Grocery shopping is my most dreaded chore. No matter how organized I think I am, it always seems to take too much time. I have tried making a weekly list and going once a week for everything. I have tried going daily to get what I need just for each day. It just seems to take way more time than I want to spend, but it’s a necessary part of life. Have you ever thought about it as more than just getting groceries? It can be a perfect time to work on your child’s learning and behavior.
1. Needs vs. Wants
Grocery shopping is a great time to discuss needs versus wants. As you put items in the cart, you can have conversations about the importance of it. “We need more toilet paper.” “I want a cake mix to make dessert for dinner.” “We need some more apples.” “I want a candy bar.”
How many of us dread taking our kids to the grocery store? It can be a nightmare when they decide to have a melt-down. But it can be a fantastic opportunity for conversations and learning. Keeping them engaged while shopping, can stop many issues. Talking a lot to keep their interest can be helpful. “Look at those apples. Which ones do you think we should get? Let’s get three red apples and three green apples. We also need oranges. Help me pick 4 good ones.”
Putting a good behavior incentive on your list can help. It can be anything that your child likes and wants. If you get all your shopping done, they can have that item. If they have problems, it will be crossed off the list. Regardless of how well you plan, you always have to be prepared to walk out of the store without your groceries when you have kids. If you walk out, make sure they realize that you don’t have dinner groceries or their special item and you’ll have to do without for today. Dinner may have to be something like a plain sandwich with whatever is at home.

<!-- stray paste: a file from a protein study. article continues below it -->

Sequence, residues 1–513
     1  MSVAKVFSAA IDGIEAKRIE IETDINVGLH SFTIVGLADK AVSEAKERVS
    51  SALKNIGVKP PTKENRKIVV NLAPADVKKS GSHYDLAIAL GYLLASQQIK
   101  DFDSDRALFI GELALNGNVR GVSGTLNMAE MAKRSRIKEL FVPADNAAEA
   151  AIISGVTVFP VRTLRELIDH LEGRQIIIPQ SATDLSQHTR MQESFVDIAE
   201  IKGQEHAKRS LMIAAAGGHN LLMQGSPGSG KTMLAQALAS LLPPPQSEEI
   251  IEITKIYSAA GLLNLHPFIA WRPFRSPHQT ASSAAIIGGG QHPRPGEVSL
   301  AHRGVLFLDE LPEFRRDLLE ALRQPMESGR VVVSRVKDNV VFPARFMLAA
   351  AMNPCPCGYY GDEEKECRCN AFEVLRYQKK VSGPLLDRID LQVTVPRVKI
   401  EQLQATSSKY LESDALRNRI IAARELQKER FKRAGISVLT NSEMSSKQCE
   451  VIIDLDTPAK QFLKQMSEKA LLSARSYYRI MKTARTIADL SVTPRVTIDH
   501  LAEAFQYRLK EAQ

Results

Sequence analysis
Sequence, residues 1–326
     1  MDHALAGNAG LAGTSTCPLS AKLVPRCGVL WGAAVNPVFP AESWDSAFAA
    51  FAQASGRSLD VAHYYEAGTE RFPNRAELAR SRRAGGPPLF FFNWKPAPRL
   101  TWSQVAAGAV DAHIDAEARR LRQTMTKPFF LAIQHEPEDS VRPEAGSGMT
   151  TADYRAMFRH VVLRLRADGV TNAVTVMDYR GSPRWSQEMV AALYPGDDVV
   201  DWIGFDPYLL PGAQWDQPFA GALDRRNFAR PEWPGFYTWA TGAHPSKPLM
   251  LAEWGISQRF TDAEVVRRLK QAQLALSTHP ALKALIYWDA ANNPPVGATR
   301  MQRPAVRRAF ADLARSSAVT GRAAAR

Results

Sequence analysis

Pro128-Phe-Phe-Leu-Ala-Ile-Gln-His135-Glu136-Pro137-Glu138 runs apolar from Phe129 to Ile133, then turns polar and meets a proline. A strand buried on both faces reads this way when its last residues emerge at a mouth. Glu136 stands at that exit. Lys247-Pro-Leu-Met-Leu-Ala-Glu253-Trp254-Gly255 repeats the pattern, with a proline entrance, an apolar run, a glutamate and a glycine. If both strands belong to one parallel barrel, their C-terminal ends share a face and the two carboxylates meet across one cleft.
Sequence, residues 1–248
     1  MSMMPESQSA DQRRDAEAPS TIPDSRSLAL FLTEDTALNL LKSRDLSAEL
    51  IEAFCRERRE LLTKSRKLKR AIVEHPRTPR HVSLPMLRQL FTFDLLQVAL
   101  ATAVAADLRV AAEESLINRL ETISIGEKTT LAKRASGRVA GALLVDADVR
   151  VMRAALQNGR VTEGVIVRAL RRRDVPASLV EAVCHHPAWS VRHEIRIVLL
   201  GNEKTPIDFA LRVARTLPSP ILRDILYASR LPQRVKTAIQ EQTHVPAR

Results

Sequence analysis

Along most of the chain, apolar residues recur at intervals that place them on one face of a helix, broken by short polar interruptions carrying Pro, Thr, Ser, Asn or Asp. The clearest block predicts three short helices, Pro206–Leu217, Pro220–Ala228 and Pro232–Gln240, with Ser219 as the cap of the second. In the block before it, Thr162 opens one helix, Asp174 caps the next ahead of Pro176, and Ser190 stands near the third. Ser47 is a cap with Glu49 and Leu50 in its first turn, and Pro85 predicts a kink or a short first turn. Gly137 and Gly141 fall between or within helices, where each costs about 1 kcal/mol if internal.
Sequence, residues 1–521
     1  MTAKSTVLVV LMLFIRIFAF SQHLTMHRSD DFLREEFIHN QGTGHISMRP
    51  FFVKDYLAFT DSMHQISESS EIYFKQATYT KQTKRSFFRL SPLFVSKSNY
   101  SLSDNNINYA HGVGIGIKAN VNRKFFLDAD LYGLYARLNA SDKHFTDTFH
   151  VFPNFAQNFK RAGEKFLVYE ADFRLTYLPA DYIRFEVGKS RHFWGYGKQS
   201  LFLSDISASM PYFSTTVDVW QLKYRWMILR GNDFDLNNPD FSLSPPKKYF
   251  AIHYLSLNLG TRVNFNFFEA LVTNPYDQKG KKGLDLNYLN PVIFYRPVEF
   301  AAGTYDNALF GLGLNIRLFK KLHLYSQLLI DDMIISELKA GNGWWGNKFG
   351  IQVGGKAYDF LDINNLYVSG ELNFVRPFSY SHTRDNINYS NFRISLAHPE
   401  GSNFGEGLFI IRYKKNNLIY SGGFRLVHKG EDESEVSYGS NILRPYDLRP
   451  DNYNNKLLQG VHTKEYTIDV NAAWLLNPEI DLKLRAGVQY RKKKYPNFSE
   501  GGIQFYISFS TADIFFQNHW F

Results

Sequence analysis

Teaching a child to live within a budget can begin at a very early age. Talk about your budget while shopping. “We have money for cookies today, since It’s in our budget. We haven’t budgeted money for ice cream this week, but maybe next week. We can get 2 boxes of cereal with our budget this week.” Make your child realize that if it’s not in the budget, we can’t have it.
Did you know most grocery stores have a magazine/book section? Even better are the stores that have the bargain bin books. A new book/magazine can be added to the list and they can pick it out. If you don’t want to buy anything, just give them some time to look at the books. Make sure you tell them whether you are buying any books each time.
5. Give your child a shopping task
Giving your child a task while at the store can keep him busy. Have him try to find every letter of the alphabet while you’re shopping. Let him count everything that you put in the basket. (3 apples, 2 soup cans…) Have him identify different colors as you shop. (red apples, yellow squash, green lettuce)
6. List making
Keep a grocery list on the counter and have your kids help create the list by writing or telling you what needs to be added. Sticking to the list can be a little harder for both you and your kids. If you want to allow your child to get something extra (candy, cookies,toy…) while at the store, make sure it’s on the list before you go in. If it’s not on the list, it can’t go in the cart. This one rule can stop a lot of bad store behaviors.
Here’s how one mom uses Tips & Tricks for Making Shopping Fun
My Story –
When I only had one kid, I thought it was hard to get groceries, but when I had 2 it seemed impossible. I can’t count the number of times that I stopped the cart where it was and left the store. Of course, my time to shop was when we were all tired. I was just getting off work and they were just getting out of school. One solution that I came up with was to use my lunch time. I would go get all my non-perishables at lunch. Then, after I picked up the kids from school, I would go get the cold items. This helped me a lot, since it shortened the time that we spent actually shopping.
How do you make grocery shopping a learning time?